The following four properties can describe each UAV (agent) in this scenario: position , speed , heading , and attacking zone , where the attacking zone is a sector of in front of the UAV. The heading and speed determine the motion state of the UAV in the environment. Therefore, the update of UAV status follows the following rules: where and represent the heading change and acceleration of the UAV, respectively, which are output by the UAV control module, is the maximum angle of UAV heading change at each time step, defined as 30 degrees in this paper, and is the time interval of the simulation, defined as 1 second.

At any time , the relationship between the UAV and the target within its detection range can be represented by , and is omitted for clarity when there is no ambiguity. As illustrated in Figure 1, the coordinate of the red UAV is , and the blue one is . The relative position between the two UAVs is , and the Euclidean distance between them is . is the attacking angle of red UAV relative to blue UAV . They are calculated by the following equation.

Only when the distance and attacking angle between the attacker and the target satisfy the following conditions, the attacker has a certain probability of destroying another UAV:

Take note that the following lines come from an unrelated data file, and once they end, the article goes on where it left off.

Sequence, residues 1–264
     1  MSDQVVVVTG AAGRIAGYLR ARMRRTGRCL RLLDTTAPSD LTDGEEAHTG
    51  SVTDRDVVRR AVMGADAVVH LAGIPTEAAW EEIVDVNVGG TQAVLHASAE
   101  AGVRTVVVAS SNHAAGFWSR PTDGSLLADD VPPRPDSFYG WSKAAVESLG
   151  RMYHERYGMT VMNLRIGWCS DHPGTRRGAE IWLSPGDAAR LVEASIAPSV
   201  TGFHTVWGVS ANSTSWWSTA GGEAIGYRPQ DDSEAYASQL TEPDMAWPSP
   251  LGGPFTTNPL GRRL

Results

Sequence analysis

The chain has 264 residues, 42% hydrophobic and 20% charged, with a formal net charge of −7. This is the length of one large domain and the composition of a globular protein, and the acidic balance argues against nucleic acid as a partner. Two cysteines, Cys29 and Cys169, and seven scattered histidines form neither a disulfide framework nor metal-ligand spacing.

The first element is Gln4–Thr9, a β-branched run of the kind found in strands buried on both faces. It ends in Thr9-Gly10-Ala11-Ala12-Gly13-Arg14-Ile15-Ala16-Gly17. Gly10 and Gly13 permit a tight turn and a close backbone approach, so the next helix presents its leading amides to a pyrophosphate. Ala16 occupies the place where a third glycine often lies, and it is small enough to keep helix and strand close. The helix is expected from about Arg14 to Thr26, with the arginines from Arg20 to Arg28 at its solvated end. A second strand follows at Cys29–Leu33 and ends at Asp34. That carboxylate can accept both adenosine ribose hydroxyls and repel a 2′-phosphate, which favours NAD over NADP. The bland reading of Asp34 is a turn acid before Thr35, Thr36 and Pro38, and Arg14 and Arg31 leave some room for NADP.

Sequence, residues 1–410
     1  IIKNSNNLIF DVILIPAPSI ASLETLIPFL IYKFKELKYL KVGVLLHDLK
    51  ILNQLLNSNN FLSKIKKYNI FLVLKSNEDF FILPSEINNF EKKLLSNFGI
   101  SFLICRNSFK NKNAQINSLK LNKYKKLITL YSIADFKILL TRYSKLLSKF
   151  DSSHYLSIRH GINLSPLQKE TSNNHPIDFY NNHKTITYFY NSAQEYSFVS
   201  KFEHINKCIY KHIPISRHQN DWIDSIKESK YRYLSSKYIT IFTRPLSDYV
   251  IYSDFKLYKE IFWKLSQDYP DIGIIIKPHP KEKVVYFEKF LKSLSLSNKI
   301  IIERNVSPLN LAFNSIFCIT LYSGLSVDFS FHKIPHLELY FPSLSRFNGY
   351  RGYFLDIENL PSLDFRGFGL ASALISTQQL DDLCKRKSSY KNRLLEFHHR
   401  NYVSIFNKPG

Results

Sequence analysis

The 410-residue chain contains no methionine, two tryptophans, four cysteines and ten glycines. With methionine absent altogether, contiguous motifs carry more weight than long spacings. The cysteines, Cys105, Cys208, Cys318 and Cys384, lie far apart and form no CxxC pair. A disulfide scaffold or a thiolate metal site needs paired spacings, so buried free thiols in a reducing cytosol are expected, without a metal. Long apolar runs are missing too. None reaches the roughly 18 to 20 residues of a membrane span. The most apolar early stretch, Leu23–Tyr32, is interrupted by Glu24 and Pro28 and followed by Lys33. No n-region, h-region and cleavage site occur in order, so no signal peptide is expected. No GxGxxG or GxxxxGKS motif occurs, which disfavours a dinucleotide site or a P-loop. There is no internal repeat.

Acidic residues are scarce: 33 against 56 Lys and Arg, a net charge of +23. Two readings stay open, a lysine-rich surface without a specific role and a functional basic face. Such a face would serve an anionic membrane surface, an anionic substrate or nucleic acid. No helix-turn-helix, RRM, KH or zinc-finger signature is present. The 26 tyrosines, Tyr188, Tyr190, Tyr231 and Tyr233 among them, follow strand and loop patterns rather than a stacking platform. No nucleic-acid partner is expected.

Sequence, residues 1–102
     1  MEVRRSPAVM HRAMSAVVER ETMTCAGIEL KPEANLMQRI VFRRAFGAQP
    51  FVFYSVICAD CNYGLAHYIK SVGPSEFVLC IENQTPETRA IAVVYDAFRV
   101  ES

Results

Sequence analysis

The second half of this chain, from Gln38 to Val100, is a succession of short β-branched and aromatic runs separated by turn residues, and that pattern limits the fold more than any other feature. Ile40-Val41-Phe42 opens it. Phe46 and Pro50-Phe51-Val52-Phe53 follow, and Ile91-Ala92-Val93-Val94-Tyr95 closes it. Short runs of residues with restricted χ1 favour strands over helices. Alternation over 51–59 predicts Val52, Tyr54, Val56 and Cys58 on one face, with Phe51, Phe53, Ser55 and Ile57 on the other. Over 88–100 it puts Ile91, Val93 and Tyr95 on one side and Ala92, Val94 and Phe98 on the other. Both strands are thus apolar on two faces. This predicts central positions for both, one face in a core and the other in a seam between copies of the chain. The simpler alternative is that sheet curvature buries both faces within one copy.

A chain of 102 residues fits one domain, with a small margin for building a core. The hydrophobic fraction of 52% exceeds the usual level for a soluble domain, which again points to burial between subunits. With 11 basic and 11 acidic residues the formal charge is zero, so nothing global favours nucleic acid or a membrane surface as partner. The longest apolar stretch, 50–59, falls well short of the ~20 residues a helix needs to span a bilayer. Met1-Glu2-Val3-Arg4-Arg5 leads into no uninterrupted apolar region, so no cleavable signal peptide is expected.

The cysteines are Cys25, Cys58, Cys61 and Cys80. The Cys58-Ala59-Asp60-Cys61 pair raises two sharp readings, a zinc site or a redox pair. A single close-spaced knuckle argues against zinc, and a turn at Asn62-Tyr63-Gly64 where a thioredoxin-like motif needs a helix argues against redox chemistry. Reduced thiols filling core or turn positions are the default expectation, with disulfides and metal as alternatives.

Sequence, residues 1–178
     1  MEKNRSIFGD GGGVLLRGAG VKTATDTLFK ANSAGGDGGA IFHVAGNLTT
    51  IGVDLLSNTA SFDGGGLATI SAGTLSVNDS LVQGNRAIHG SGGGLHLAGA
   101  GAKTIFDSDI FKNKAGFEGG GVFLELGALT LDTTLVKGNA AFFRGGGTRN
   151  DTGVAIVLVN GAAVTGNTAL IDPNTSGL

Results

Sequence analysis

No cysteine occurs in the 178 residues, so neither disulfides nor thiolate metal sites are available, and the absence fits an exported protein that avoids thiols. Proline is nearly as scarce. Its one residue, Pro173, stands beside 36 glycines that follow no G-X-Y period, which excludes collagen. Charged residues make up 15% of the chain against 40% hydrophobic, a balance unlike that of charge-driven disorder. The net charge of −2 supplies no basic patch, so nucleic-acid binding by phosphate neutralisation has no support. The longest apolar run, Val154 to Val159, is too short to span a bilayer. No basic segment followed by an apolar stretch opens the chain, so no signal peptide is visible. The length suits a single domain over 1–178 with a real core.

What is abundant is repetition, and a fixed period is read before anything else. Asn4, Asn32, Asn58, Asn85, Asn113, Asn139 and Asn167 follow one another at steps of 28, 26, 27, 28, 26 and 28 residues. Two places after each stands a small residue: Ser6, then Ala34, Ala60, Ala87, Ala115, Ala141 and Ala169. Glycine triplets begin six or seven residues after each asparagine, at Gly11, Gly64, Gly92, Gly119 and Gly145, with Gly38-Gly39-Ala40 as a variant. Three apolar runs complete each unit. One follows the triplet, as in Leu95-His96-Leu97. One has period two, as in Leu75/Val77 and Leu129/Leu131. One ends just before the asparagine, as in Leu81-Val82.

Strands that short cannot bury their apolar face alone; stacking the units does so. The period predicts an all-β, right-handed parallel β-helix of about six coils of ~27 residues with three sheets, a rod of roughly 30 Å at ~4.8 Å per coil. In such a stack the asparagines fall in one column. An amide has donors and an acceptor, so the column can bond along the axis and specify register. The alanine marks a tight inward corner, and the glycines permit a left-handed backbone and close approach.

3.2. Markov Games

In this paper, UAV swarm confrontation is modeled as a partially observable Markov games [23] augmented with a set of macro actions. Formally, the Markov games can be represented as a tuple , where is a finite set of agents, is a set of global states, is a set of joint primitive actions, is a set of joint local observations, is a set of joint intrinsic observations derived from local observations, and is a set of macro actions abstracted with human expertise. Each agent receives local observation from the environment. The policy of agent depends on the local observation such that , then conditioned on the macro action; the low-level policy performs primitive action . According to the state transition function , the environment transitions to the next state. is a reward function assigning a extrinsic reward for taking primitive action. Each agent is aimed at maximizing its own discounted sum of future rewards where is a discount factor.